China’s Imperial Commissioner Lin Zexu seized 20,000 chests of opium from foreign traders. On June 3, 1839, the twenty-three day process of the destruction of the opium at Humen commenced. It was reduced to poisonous slurry and drained into the South China Sea.
The British enjoyed their cup of tea. They imported millions of pounds a year. A trade imbalance developed because Britain adopted a gold standard in the 18th century and China only accepted silver as payment. Britain would have to import more silver in order to meet China’s demand.
Or they could become drug lords. Operating through the British East India Company, Britain retooled India’s cotton crops to produce opium. Traders picked up the opium at auction in Calcutta. The Company shipped it out, where Chinese traders picked it up in boats. Lin Zexu estimated that China developed 4 million addicts.
He put a ban on the opium trade. Charles Elliot, the British Superintendent of Trade in China, complied and turned in the contraband. The British government expected to be compensated. Lin Zexu had opium seized from factories and removed from British vessels that were outside of Chinese zones. This opium was still considered legal cargo.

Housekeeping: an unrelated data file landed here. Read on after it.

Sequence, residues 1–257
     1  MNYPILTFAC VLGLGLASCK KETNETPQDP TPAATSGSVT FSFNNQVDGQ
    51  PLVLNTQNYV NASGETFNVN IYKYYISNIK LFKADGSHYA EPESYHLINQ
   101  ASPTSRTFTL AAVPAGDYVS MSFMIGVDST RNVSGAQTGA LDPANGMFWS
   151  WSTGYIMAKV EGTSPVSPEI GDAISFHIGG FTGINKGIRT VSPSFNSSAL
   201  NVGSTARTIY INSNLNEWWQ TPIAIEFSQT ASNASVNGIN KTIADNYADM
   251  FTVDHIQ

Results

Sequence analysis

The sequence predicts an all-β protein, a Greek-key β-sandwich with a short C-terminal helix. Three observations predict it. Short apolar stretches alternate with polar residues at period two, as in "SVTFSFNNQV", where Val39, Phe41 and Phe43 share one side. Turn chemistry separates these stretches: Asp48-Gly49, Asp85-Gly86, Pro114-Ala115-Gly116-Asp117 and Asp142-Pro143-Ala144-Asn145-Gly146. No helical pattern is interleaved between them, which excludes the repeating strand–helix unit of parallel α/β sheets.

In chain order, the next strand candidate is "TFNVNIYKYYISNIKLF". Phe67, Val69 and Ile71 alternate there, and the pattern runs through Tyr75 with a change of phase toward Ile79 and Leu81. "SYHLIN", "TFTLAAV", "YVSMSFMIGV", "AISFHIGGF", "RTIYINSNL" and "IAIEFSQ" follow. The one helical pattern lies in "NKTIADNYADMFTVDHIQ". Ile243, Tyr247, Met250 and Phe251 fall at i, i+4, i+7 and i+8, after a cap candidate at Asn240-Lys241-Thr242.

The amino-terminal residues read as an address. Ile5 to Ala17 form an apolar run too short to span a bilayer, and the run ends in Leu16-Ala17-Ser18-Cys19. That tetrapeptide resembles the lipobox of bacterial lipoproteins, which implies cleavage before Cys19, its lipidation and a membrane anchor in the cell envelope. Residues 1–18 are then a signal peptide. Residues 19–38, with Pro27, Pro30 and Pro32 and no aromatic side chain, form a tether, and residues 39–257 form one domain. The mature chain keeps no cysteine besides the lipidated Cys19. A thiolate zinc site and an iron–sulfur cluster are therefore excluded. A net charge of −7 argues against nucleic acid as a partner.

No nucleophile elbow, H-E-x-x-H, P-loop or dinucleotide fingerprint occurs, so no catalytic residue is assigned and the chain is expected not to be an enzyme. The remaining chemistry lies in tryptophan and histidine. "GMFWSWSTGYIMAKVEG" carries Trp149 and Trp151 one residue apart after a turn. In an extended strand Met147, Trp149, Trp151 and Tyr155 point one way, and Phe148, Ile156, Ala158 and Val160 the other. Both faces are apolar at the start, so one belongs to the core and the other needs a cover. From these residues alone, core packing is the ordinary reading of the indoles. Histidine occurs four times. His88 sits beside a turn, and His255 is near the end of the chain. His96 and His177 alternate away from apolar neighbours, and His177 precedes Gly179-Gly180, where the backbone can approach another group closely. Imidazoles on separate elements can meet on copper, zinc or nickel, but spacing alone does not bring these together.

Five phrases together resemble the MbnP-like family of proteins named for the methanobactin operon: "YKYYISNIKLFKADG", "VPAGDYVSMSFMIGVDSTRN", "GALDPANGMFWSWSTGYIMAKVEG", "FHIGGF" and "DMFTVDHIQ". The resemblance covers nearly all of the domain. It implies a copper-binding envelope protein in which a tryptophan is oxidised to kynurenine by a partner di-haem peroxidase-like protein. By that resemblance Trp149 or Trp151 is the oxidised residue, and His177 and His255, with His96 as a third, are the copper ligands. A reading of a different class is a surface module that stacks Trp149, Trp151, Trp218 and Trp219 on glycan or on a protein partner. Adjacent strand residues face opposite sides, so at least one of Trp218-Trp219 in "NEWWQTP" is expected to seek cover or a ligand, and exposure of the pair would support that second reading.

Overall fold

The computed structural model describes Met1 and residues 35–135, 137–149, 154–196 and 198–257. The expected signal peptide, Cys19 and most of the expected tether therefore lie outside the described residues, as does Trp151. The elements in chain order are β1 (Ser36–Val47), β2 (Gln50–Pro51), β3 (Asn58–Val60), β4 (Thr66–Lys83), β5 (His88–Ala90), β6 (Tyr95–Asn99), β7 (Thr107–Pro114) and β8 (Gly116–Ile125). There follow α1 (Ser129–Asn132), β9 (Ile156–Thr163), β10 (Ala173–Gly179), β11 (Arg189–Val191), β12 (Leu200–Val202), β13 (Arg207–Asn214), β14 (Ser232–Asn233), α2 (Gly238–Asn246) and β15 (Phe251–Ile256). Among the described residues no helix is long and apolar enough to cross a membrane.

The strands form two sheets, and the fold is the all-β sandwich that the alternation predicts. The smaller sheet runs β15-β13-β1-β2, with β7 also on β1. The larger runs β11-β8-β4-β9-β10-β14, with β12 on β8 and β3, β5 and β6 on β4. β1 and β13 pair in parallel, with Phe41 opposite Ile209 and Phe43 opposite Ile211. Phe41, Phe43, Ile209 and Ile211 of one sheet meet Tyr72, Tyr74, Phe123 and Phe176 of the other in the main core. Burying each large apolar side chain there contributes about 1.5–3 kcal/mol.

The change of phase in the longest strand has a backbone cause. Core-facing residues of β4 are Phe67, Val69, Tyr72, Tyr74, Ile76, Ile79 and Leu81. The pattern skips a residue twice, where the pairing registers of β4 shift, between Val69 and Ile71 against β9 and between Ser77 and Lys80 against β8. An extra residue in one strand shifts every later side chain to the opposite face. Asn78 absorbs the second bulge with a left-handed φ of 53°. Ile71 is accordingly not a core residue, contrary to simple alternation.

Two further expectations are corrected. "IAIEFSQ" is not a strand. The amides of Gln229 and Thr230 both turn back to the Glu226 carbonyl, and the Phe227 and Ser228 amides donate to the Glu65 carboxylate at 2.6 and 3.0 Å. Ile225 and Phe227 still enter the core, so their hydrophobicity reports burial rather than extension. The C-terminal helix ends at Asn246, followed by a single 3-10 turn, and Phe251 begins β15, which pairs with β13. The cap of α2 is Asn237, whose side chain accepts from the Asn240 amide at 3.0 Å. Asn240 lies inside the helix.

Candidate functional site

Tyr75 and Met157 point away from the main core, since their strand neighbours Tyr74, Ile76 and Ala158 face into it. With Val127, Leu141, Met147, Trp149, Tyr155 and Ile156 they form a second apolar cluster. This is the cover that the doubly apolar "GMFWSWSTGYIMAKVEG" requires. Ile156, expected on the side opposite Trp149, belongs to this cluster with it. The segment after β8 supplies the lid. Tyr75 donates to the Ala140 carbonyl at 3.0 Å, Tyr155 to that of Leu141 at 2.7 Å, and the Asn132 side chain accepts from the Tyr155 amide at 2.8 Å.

The 1300 long tons of opium (an estimated £2,000,000 value) was boiled with lime and salt. It was poured into three pits lined with wood and barricaded with a bamboo fence. Over twenty-three days, it was tramped down and flushed into the South China Sea. A prayer was offered against the toxic offense.
Foreign merchants who had participated in the opium trade were banned from China. Charles Elliot had promised compensation to the merchants, but Parliament had never agreed to these terms.
This was just the beginning of the Opium Wars.